(S013) Adjuvant Radiation Therapy and Temozolomide for Anaplastic Gliomas: The Twelve-Year Washington University Experience

April 15, 2014
Oncology, Oncology Vol 28 No 4_Suppl_1, Volume 28, Issue 4_Suppl_1

In this study, we present our institutional data on the clinical outcomes of radiation therapy plus temozolomide for anaplastic gliomas.

Christina K. Speirs, MD, PhD, Joseph R. Simpson, MD, PhD, Clifford G. Robinson, MD, David D. Tran, MD, PhD, Gerry Linette, MD, Michael R. Chicoine, MD, Ralph G. Dacey, MD, Keith M. Rich, MD, Joshua L. Dowling, MD, Eric C. Leuthardt, MD, Gregory J. Zipfel, MD, Albert H. Kim, MD, PhD, Jiayi Huang, MD; Washington University School of Medicine

Background: Anaplastic gliomas represent a heterogeneous group of different pathological entities, and the optimal treatment approach after surgery remains controversial for different subtypes. Recently, long-term results of two randomized studies have shown that radiation therapy (RT) with procarbazine, lomustine, and vincristine (PCV) chemotherapy improved outcomes of those with codeletion of 1p/19q. Another combined modality approach, RT and temozolomide (TMZ), has also gained popularity in the treatment of anaplastic gliomas but has not been validated extensively. In this study, we present our institutional data on the clinical outcomes of RT + TMZ for anaplastic gliomas.

Methods: A single-institutional retrospective review was conducted on patients with intracranial anaplastic oligodendroglioma (AO), mixed anaplastic oligoastrocytoma (AOA), and anaplastic astrocytoma (AA) who were treated with adjuvant RT and TMZ after surgery. RT was delivered with either 3D conformal RT (3DCRT) or intensity-modulated RT (IMRT) to a median total dose of 60 Gy (range: 31.6–63 Gy) in daily fractions (median 2 Gy/fraction; range: 1.8–2.2 Gy/fraction). All patients received standard concurrent TMZ, with (90% of patients analyzed) or without maintenance TMZ (10%). Follow-up time was calculated from the start of RT.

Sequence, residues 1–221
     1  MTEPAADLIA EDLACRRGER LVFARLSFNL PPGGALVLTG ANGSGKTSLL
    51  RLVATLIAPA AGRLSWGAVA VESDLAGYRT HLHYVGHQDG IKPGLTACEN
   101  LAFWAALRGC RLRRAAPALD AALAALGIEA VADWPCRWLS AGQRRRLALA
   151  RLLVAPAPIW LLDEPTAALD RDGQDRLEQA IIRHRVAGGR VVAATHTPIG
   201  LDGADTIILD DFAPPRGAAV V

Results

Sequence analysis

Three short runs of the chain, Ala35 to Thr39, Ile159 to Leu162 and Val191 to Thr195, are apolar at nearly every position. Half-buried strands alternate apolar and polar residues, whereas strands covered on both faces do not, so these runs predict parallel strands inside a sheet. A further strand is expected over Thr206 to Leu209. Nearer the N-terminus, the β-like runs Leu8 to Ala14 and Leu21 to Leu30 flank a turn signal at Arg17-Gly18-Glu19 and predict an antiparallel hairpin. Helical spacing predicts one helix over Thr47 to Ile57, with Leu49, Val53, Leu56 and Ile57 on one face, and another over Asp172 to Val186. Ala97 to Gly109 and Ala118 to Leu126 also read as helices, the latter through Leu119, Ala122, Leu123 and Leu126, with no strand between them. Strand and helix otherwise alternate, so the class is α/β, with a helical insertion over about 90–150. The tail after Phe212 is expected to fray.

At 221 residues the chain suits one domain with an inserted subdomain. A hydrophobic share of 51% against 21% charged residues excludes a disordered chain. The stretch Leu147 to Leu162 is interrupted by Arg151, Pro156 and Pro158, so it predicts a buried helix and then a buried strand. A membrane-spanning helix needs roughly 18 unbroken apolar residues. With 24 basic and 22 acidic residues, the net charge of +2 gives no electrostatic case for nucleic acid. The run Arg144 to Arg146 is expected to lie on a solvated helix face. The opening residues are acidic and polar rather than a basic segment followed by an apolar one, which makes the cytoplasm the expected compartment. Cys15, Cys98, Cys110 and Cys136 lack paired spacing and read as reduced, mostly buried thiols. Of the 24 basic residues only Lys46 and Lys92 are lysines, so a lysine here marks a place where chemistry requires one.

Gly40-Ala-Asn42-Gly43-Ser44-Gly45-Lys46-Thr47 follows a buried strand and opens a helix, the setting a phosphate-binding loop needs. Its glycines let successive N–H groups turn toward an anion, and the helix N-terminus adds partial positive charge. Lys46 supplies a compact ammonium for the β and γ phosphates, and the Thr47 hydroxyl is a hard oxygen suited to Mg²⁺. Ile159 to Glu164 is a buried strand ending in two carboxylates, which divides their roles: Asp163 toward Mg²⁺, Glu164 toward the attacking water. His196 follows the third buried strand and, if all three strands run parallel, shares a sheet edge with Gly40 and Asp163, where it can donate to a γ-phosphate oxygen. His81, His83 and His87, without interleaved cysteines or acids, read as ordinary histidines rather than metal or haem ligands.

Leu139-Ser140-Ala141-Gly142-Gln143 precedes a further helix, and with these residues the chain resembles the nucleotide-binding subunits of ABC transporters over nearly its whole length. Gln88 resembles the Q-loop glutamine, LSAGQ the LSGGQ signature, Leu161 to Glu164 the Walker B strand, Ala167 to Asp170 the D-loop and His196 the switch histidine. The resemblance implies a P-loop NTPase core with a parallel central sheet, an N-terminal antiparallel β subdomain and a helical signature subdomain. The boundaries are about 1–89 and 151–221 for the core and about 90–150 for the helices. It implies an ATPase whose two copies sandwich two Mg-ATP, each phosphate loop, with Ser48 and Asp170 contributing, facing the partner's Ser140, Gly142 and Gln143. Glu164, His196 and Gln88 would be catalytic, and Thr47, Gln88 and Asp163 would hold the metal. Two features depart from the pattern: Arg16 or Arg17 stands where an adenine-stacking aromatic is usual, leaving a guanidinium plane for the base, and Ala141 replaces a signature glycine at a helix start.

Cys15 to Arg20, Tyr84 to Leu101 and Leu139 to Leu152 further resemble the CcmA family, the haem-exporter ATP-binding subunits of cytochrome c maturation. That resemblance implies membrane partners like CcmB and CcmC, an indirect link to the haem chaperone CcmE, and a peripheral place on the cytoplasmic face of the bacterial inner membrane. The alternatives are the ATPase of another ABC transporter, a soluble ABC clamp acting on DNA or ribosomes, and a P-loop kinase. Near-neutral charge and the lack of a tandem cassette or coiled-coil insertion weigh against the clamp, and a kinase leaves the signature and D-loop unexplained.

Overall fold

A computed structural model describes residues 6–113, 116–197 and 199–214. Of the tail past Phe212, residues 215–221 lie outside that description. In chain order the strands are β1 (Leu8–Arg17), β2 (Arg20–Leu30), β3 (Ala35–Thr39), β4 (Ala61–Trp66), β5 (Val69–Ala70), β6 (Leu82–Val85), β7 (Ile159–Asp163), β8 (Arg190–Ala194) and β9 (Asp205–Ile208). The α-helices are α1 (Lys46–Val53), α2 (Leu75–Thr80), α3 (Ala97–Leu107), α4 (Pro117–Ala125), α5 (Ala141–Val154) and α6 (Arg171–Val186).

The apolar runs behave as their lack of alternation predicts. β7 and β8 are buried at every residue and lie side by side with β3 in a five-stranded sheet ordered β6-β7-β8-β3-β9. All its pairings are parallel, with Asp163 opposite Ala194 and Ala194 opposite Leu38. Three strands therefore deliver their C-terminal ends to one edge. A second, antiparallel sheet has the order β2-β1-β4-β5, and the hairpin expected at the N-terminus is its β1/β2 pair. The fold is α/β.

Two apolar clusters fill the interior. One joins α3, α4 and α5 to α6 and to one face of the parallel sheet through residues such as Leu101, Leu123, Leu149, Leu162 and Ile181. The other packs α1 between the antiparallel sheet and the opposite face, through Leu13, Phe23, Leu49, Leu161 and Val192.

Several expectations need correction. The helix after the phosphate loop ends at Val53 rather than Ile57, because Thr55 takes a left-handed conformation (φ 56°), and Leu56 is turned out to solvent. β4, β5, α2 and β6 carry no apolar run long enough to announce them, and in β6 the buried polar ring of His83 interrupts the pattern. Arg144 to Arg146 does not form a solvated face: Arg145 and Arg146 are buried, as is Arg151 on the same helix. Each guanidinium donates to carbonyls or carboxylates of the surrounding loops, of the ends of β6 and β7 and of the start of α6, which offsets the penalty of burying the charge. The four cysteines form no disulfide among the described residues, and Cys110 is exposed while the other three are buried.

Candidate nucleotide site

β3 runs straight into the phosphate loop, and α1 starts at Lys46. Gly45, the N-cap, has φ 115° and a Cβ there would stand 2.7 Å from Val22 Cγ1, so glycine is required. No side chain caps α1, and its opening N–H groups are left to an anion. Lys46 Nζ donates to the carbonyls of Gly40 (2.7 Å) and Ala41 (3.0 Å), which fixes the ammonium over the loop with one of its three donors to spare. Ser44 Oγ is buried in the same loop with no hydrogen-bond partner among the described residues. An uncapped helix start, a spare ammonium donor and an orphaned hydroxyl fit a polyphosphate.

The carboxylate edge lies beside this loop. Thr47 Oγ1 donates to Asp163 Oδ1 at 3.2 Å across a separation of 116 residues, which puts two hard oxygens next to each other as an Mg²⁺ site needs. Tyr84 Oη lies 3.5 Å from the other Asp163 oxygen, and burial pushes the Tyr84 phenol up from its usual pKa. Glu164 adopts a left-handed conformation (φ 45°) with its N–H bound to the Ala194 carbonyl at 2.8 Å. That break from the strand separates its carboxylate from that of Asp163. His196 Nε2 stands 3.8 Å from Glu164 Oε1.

Results: From 2000 to 2012, 111 cases met the study criteria and were evaluable: 20% AO, 33% AOA, and 47% AA. Median follow-up time was 2.43 years (range: 0.06–12.1 yr) but was 4.10 years (range: 0.8–12.1 yr) for living patients. All AOs and AOAs were evaluated for 1p/19q codeletions, and 42% had codeletions of 1p/19q. Pathology subtypes showed distinctively different outcomes. Non-codeleted AOs/AOAs displayed a trend of worse progression-free survival (PFS) than codeleted AOs/AOAs (46% vs 70% at 5 years, respectively; P = .10), while demonstrating significantly worse overall survival (OS) (68% vs 91% at 5 years, respectively; P = .02). Interestingly, AAs had significantly worse PFS and OS than noncodeleted AOs/AOAs (PFS: 27% vs 46% at 5 years, respectively; P = .03; OS: 37% vs 68% at 5 years, respectively; P = .007). Univariate analyses showed that age, Karnofsky performance score (KPS), surgical extent, pathology, and adjuvant TMZ were significant factors for PFS, while age, KPS, surgical extent, and pathology were significant factors for OS. On multivariate analysis, only age, KPS, and pathology (hazard ratio [HR] = 6.54 for OS in non-codeleted vs codeleted AOs/AOAs; HR = 15.6 for OS in AAs vs codeleted AOs/AOAs) were significant factors for both PFS and OS.

Conclusions: In patients treated with surgery followed by RT + TMZ, outcomes were dependent on pathology as follows: codeleted AO/AOA > non-codeleted AO/AOA > AA. As compared with historical controls from previous randomized studies (Table), codeleted AOs/AOAs treated with RT + TMZ achieved comparable results as those of RT + PCV, while non-codeleted AOs/AOAs that were treated with RT + TMZ appeared to have superior outcomes compared with RT alone. In contrast, AAs that were treated with RT + TMZ had similar results as those of RT alone. RT + TMZ may be a reasonable alternative approach for both codeleted and non-codeleted AOs/AOAs but may need further validation for AA patients.

Proceedings of the 96th Annual Meeting of the American Radium Society - americanradiumsociety.org

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